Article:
Soya is one of the most important sources of protein in poultry feeding. However, the high crude protein content alone is not sufficient to meet the special needs of poultry on essential amino acids. They need to be supplemented with other components to get optimal amounts and ratios. In poultry, the feeding of raw soya beans is not possible due to digestive inhibiting components (trypsin inhibitors), and must be prepared by thermal treatment. Soya beans have a very high oil content. Full-fat beans can therefore be used in the ration with a maximum of 10 - 12 %. In this case, the methionine-rich components such as corn gluten must also have a low raw fat content. A high raw fat content in the ration can lead to health problems.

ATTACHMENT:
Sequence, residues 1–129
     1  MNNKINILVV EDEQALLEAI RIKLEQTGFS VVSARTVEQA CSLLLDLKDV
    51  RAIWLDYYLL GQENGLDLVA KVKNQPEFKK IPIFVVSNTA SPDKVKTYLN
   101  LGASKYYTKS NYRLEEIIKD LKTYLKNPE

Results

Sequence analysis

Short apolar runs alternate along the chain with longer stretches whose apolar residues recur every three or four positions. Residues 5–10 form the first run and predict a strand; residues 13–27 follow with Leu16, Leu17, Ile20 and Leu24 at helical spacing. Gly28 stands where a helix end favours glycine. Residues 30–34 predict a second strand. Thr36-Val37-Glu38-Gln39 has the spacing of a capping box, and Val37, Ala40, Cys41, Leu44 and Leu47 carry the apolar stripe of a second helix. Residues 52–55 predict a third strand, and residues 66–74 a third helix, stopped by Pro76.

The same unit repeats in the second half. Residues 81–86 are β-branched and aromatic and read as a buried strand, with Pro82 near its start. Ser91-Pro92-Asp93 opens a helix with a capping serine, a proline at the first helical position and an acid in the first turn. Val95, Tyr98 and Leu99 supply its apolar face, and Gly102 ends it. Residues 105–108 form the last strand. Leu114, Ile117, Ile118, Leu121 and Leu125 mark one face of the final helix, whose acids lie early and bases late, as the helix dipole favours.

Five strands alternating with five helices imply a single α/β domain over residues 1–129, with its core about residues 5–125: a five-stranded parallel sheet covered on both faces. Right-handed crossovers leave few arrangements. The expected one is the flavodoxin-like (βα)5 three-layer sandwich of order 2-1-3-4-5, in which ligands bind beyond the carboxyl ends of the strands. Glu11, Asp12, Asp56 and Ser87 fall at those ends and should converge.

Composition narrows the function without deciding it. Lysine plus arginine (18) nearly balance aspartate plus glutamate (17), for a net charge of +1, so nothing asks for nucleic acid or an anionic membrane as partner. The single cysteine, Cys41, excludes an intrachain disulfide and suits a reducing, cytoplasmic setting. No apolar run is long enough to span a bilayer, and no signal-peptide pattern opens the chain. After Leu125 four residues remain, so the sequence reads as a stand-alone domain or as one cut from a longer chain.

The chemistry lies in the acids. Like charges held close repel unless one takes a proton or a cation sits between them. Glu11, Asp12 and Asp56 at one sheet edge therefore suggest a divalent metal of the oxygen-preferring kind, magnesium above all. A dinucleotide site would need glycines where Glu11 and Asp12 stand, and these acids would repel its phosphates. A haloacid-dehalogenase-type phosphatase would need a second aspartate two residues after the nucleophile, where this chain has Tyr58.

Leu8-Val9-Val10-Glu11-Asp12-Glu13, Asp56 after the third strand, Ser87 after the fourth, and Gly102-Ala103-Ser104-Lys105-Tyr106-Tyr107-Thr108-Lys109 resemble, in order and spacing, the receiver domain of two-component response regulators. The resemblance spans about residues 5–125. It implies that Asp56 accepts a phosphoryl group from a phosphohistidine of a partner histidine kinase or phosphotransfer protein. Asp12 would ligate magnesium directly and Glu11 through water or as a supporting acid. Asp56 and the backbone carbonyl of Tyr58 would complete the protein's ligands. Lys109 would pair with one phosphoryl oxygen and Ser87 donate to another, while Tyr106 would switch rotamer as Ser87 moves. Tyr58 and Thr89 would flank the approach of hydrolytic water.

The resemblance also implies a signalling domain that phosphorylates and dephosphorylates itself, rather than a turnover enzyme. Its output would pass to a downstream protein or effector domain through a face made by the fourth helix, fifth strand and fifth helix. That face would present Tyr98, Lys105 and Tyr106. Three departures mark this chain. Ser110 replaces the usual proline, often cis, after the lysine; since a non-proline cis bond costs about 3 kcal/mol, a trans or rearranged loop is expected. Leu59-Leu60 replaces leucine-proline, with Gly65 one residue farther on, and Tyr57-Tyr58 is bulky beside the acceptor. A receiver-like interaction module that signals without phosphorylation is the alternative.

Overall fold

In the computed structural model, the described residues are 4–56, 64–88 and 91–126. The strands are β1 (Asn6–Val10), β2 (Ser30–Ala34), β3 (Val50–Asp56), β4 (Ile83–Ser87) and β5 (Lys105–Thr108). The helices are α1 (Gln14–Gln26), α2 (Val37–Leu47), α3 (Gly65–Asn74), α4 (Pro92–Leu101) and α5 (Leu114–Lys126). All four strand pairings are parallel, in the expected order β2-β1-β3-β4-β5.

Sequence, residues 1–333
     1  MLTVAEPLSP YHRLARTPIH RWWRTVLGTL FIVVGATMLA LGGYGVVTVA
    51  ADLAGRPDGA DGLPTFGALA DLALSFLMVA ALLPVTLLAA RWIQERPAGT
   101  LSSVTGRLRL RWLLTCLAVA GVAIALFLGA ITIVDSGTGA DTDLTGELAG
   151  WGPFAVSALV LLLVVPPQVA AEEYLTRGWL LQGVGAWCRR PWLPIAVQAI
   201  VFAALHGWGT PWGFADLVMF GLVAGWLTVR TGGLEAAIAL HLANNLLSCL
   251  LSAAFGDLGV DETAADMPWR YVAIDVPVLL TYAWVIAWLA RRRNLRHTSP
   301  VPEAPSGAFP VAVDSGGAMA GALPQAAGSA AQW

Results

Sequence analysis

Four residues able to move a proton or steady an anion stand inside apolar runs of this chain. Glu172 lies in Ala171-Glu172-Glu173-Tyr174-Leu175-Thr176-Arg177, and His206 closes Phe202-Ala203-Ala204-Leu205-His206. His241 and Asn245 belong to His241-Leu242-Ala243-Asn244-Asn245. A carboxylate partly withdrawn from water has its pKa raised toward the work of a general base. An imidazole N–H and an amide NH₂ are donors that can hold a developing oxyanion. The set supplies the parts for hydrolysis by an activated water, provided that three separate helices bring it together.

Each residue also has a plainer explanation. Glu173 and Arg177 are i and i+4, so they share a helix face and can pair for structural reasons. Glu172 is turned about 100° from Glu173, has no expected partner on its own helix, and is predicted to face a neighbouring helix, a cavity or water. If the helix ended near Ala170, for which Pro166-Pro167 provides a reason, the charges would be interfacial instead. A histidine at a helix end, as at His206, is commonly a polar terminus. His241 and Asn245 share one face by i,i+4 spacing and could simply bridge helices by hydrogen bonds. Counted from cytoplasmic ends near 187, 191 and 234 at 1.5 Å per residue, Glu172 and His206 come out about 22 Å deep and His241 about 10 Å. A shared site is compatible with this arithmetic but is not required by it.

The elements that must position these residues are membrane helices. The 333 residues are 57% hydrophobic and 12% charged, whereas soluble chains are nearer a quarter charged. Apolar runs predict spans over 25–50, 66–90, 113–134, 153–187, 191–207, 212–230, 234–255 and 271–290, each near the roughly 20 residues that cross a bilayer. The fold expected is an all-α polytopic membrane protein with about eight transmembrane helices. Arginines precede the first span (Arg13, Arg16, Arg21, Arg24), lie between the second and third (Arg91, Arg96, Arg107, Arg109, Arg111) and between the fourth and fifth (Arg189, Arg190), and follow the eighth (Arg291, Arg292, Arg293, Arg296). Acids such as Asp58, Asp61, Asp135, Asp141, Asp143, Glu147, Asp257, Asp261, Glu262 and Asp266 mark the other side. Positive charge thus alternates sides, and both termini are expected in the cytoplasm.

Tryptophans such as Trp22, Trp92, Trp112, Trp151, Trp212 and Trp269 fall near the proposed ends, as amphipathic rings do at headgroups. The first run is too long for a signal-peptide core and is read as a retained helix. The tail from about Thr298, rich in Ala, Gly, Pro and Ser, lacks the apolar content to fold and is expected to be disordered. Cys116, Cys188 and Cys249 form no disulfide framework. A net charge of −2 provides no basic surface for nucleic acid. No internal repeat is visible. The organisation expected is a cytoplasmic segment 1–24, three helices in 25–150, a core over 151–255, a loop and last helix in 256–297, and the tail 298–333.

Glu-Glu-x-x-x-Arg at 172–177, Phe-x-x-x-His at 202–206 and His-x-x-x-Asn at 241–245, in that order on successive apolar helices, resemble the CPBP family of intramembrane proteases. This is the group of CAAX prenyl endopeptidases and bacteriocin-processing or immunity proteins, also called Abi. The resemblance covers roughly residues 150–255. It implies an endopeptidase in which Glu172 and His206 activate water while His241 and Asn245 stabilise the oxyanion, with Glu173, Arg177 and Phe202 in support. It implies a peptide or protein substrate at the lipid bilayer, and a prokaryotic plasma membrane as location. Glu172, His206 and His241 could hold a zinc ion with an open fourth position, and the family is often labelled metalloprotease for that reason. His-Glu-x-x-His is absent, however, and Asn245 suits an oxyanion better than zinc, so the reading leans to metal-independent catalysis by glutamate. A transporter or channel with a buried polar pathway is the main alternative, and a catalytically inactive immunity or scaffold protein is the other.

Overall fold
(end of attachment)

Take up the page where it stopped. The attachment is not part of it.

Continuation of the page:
Toasting, or roasting, the raw bean improves the digestibility and usability of the protein and extends the shelf life of the toasted beans to approximately 6-12 months. Toasting, or roasting, means the deactivation of the anti-nutritional factors (ANF) of the soya bean by heating. There are different toasting, or roasting, methods with different effects on the quality of the soya. For the mobile solutions (figures 1 and 2), the thermal method is predominantly used. In order to increase the quantity used from about 10 % to about 20 % in the ration, the soya bean must be de-oiled by pressing, which reduces the crude fat content from about 20 % to about 10 %. Since synthetic amino acids may not be used in organic farming, the ration must be supplemented with components with a high methionine content. In 100% organic rations (check Table 1) rice protein or methionine-rich oil cakes such as sesame cake and sunflower cake are used for this purpose. Especially in oil cakes, the ingredients are subject to strong fluctuations. It is recommended to use several components. This reduces the influence of individual components on the total ration. Alternatively, a protein supplement can be used, which can also be individually mixed by the feed mills if sufficient quantities are required.